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      A Sustainable 2018: How to implement sustainable practices into your New Year Resolutions

      A Sustainable 2018: How to implement sustainable practices into your New Year Resolutions

      “This year I’m going to lose weight”… “This year I’m going to stop eating sugar”… “This year I’m going to start travelling”… “This year I’m going to give up smoking”. Sound familiar? 2018 is nearly here, and with a new year comes new goals or ‘resolutions’ as we like to call them. Making goals is always a good thing. It’s how we grow, improve, and learn. But, what if 2018 was the year to change the focus of our new year resolutions, from ourselves, to our planet? A sustainable 2018…

      Start small

      I’m in no way suggesting your new year resolutions should be to quit plastic, sell your car, become vegetarian, and live in a tent. It can simply start with intentional learning. Creating your new year resolutions with a sustainable twist could look like: this year, I am going to read Clare Press’s book on ethical fashion, and send an email to my favourite brand to ask them where my clothes are made. I’m going to listen to a Ted Talk about plastic, and read the World Baptist Aid’s Ethical Fashion Report. Making small but purposeful actions towards expanding your knowledge on sustainability will have more impact than you think. These goals are tangible and realistic. They are easy to achieve, and can lead to further change which will make you feel even better about not only achieving, but exceeding your resolutions.

      A sustainable spin on your usual resolutions

      Adding sustainable practices into your new year resolutions doesn’t even have to mean adding to them. Your resolutions may not change, but instead adapt to a more sustainable application. For example, if losing weight is your resolution, find an eco-friendly gym, or a boot camp course outdoors. If you need sportswear to fulfil this goal, hop onto the Good on You app to find what brands have the best ethical ratings. Assess your current goals, and investigate how you can go about them in a way that leaves a smaller footprint on the planet.

      Be specific

      No matter what your resolutions are, breaking them down into practical and achievable parts is crucial to success. When goals are vague and open ended, nothing gets done. Turn ‘I will drink less’ into ‘I will create a calendar for when I will drink and how much I will drink’. Or alter “I will call my grandmother more often” to “I will call my grandmother every Wednesday this year”. Setting calendar reminders, buying the equipment you need, and making a strategy for how you will achieve your resolutions, is the key to improving your chances of a high hit rate.

      Find a buddy

      The term sustainable means something that lasts and can be maintained. Ironically, new year resolutions don’t usually fit into the ‘sustainable’ realm. They become so big and scary that it’s easier to leave it and give up. What if you had an accountability partner? Choose someone who has the same values as you when it comes to looking after the planet and adapting sustainable resolutions. Align your resolutions, or even create some together. Going to grab a coffee is much less alienating when your friend brings their keep cup too, and a healthy amount of peer pressure can do wonders.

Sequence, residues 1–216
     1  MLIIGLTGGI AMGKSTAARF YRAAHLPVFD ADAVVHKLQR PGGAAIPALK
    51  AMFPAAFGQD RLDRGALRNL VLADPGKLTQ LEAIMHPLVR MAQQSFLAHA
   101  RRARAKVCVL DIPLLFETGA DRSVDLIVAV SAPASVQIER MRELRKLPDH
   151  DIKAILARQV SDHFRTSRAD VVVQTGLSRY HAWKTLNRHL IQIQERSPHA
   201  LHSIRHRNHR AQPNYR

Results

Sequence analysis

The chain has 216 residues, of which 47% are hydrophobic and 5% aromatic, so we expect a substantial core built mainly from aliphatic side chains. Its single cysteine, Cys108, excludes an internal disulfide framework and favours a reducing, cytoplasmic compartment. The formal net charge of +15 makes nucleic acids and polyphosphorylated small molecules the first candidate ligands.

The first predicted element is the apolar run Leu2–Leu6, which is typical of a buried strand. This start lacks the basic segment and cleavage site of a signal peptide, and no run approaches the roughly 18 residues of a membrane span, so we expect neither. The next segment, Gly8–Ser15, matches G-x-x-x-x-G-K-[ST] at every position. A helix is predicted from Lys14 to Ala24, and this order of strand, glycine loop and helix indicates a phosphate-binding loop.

So, in 2018 will you boycott disposable coffee cups, go skydiving, or shop exclusively at ethical fashion stores? Take up rowing, be on time more often, reduce your meat intake, or drink more green tea? Whatever your resolutions are, I encourage you to think about how your actions in 2018 can affect the planet and its people. With purposeful plans comes great power; use it wisely.

      Welcome Tasi Travels: Clothes For The Road (that can be screwed up into a backpack!)

      Welcome Tasi Travels: Clothes For The Road (that can be screwed up into a backpack!)
      This week we welcomed another wonderful brand Tasi Travels to the eco.mono family, their aesthetic and values align with ours perfectly, so when Founder Jess Abraham got in touch we were super stoked! 
      It's really important to us that our readers and customers know more about the people behind the clothes that we sell so we asked Jess to answer some questions for us.

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      Ethical Lingerie - Creating Positive Change from Seed to Shop

      Ethical Lingerie - Creating Positive Change from Seed to Shop
      Allow me to introduce Allie Cameron, Founder of HARA, a line of intimate lingerie made from sustainable bamboo fabric. HARA is designed for the good of the people and for the earth collectively, Allie's mission is to use HARA as a platform for change and educate people how to achieve that change.

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      The Circular Economy: A restorative model by design and its connection to fashion

      The Circular Economy: A restorative model by design and its connection to fashion
      A circular fashion system simply comes down to reusing, repairing, reselling, recycling, REDUCING. Today's linear “take, make, dispose” economic model relies on large quantities of cheap, easily accessible materials and energy. It is a model that is reaching its physical limits. Taking an approach of a circular system that restores and regenerates materials will offer new opportunities for innovative design, increased customer engagement and capture economic value.

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